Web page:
Loyalty reunites Hawaii with a piece of history
By WILLIAM COLE | The Honolulu Star-Advertiser | Published: March 14, 2014
HONOLULU — A rare relic from a Zero fighter that crashed in the 1941 Japanese attack will be returned to Pearl Harbor for public display with the patriotism of a Japanese-American family firmly attached to it.
The item, which was hidden for decades, ended up in a box of knickknacks in California and was auctioned this month on eBay.
Daniel Martinez, chief historian for the World War II Valor in the Pacific National Monument, which includes the USS Arizona Memorial, said the generous donation pledge left him "stunned."
Martinez was less than happy when the fighter's serial number went up for sale.
"Once something like that is purchased privately, very rarely does it get donated" to a museum, Martinez lamented at the time.
Honolulu attorney Damon Senaha read Martinez's comment in the Honolulu Star-Advertiser and successfully bid $12,225 for the fuselage stencil this week so he could give it to the museum.
Senaha said his grandfather Kako Senaha, a Japanese immigrant and plantation worker, witnessed the Dec. 7, 1941, attack on Ewa Field, and later was questioned by authorities.
Despite the mistrust that followed, the elder Senaha, who came to Hawaii in 1907, urged his five sons to serve their country in the U.S. military.
"He did say, This is your country. This is what you have to do, because the rest of us are shamed,'" Damon Senaha said. "It (the Dec. 7 attack on Oahu) was an embarrassment because everyone viewed them with suspicion."
Serve they did.
Kuwasae Senaha fought with the famed 442nd Regimental Combat Team of mostly Japanese-Americans in Italy and France during World War II, Damon Senaha said.
Minoru and Henry Tomozen Senaha fought in the Korean War. Henry was killed in action in 1951 and was buried at Punchbowl cemetery in 1952.
Stanley Shigeru Senaha was in the Coast Guard, and Damon's father, Hajime Senaha, tried to enlist in the Army four times but was rejected because of tuberculosis.
Both the Zero serial number and the Senaha family have come full circle, with the aircraft piece expected to return to the USS Arizona Memorial museum seven decades after the attack, and the Japanese family more than proving their loyalty to the nation.
Damon Senaha, himself a retired Navy lieutenant commander, said he wanted to donate the artifact to the museum in tribute to his ancestors.
The improbable turn of events left Martinez nearly speechless.
"If Jimmy Stewart walked into the scene, it would be one of his movies (with) that kind of generosity and purpose that he put behind bidding it up and winning the bid so that it would be donated," Martinez said. "I'm just so stunned and speechless, but extremely happy that someone has done something so generous on behalf of his country to have that preserved as part of our national memory."
What experts say is the stenciled fuselage serial number from Japanese Petty Officer 1st Class Takeshi Hirano's crashed A6M2 Zero fighter started at the bargain-basement price of 99 cents on eBay on March 4.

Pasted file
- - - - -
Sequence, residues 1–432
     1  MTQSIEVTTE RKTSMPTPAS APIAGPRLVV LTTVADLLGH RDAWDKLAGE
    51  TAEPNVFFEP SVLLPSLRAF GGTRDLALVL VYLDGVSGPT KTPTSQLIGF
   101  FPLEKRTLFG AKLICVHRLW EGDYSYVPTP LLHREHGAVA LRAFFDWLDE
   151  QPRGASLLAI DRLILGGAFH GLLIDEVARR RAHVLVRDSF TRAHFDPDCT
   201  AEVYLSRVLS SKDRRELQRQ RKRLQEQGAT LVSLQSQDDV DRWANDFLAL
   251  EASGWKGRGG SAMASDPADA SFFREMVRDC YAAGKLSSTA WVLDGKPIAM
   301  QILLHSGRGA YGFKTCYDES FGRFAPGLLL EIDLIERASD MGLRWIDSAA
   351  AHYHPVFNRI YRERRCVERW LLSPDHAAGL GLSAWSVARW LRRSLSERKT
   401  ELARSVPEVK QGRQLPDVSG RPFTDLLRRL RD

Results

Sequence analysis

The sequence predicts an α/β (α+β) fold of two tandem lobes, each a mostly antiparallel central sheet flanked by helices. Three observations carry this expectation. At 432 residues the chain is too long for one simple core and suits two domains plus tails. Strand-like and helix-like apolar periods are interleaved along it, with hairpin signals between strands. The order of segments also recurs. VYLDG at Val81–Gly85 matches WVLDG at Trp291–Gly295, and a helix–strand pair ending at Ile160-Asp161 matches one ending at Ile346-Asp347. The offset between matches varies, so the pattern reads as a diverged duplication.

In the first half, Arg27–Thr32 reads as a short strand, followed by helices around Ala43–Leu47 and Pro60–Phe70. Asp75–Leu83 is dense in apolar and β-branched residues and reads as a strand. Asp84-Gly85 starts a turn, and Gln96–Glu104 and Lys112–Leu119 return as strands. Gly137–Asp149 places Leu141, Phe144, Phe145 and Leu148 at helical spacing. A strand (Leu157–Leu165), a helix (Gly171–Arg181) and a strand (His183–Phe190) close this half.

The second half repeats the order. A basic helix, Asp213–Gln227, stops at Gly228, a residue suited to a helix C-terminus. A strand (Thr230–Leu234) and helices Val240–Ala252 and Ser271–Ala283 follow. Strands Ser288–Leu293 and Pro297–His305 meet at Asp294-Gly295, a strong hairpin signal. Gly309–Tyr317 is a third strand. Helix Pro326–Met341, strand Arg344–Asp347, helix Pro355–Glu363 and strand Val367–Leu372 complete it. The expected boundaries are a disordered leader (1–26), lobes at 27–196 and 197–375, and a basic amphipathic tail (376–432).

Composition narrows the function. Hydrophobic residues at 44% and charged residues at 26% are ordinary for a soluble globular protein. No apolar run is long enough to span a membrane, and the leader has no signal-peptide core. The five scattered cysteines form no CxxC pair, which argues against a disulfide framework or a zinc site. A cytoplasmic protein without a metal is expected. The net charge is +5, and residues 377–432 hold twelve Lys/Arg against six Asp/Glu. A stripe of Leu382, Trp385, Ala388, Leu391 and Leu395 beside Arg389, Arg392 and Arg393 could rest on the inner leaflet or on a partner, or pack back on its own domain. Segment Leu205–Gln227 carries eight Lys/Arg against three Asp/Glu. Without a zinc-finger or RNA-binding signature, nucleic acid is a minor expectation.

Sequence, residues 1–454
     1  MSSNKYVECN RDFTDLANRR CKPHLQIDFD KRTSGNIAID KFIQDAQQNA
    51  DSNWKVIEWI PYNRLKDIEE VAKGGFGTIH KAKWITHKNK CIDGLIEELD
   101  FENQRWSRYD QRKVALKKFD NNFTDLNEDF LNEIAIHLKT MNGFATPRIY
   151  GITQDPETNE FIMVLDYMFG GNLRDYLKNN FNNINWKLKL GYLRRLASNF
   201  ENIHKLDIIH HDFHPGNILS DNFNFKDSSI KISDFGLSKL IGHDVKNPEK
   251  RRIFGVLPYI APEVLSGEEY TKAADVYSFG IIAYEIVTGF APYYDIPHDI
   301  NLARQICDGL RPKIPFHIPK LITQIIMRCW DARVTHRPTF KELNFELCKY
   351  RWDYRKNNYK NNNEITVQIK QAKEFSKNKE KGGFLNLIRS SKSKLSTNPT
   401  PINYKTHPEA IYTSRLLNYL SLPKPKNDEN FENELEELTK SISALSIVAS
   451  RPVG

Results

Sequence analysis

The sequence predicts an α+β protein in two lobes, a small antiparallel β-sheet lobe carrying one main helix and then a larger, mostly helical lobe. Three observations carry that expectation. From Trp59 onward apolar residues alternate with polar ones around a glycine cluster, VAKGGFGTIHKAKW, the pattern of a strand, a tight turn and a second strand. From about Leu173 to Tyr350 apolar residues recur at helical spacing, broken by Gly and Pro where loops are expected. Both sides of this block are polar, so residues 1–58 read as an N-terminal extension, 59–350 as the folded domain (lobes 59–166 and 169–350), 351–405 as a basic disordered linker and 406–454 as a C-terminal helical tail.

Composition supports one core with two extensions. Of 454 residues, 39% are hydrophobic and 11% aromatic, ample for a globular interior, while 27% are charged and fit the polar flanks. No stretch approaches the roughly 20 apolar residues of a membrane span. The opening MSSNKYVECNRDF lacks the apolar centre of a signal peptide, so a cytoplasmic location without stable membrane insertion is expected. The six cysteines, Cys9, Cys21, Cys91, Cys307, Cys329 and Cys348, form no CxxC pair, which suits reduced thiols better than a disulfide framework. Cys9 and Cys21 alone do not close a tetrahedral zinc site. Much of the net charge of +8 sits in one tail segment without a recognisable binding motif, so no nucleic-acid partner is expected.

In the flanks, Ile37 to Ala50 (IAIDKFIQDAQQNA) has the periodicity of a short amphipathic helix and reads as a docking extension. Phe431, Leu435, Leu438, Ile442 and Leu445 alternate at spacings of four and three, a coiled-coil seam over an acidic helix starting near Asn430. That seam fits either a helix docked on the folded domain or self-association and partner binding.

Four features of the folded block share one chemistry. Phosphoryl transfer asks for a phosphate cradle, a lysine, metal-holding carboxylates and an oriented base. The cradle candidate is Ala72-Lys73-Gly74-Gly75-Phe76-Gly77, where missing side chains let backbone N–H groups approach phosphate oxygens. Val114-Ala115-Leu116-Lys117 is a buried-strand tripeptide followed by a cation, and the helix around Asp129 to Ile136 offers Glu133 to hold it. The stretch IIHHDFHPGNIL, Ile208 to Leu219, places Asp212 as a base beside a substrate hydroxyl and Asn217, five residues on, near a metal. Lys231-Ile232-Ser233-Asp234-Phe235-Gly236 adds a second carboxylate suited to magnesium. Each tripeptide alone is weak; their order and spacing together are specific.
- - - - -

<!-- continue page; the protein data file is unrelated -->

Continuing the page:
Forty-three bids later it was Senaha's.
Martinez and other experts looked closely at photos and early on concluded that the cutout aluminum stencil from the Zero's fuselage was the real deal.
"There are a lot of people who have done the research on the provenance of this piece every way except downtown, and it's, to me in my mind, unquestionably (what it's advertised to be)," Mike Wenger, a North Carolina-based military historian, said previously.
The ragged aluminum edges of the nearly 9-inch serial number "5289" made it look like it was cut out with a can opener.
On Dec. 7, Hirano's Zero violently careened into palm trees and a group of coast artillery men at the entrance of an ordnance machine shop on Fort Kamehameha, which later became Hickam Air Force Base, killing four men.
Somehow the fuselage stencil came into the possession of Jack Dodd, who worked for the Army Corps of Engineers on Oahu, then his daughter, then a granddaughter in Southern California, then a pawnshop and then onto eBay, according to the pawnshop's owner, Noel Goetz.
Goetz said he was consigned the artifact by the granddaughter, who decided to make a "leap of faith" by offering it on eBay at the starting price of 99 cents.
"Needless to say, we were very pleasantly surprised (at the selling price)," Goetz said of the sale, which ended Tuesday. "The lady that consigned it to me was ecstatic."
The unidentified owner had been clearing out odds and ends from her mother's house after her mother died, and Goetz was selling them for her on eBay when in came a box of stuff.
"So it just so happened that the first item she pulled out of the box was an old envelope (with the serial number inside), and she said, My mom lived in Hawaii at the start of the war. She used to show this to us when we were kids. It was my grandpa's. He took it off a plane that crashed there,'" Goetz said.
Goetz said the woman couldn't afford to donate it to a museum.
Martinez, for his part, called the serial number an "irreplaceable piece of history."
Twenty-nine Japanese planes went down on Dec. 7, and "there are very little pieces of wreckage that identify the aircraft" the way the Hirano serial number does, he said.
Senaha said he plans to pick up the serial number in person in California in mid-April. Then it will be turned over to the National Park Service and the Arizona Memorial museum.
He noted that the Japanese attack on Oahu "opened the doors for the loyalty" of 442nd Regimental Combat Team members, including his uncle and U.S. Sen. Daniel Inouye, now both deceased, as well as many other nisei soldiers, so "that when it came down to my generation, the third generation, we could become professionals, and we could be viewed as equal Americans."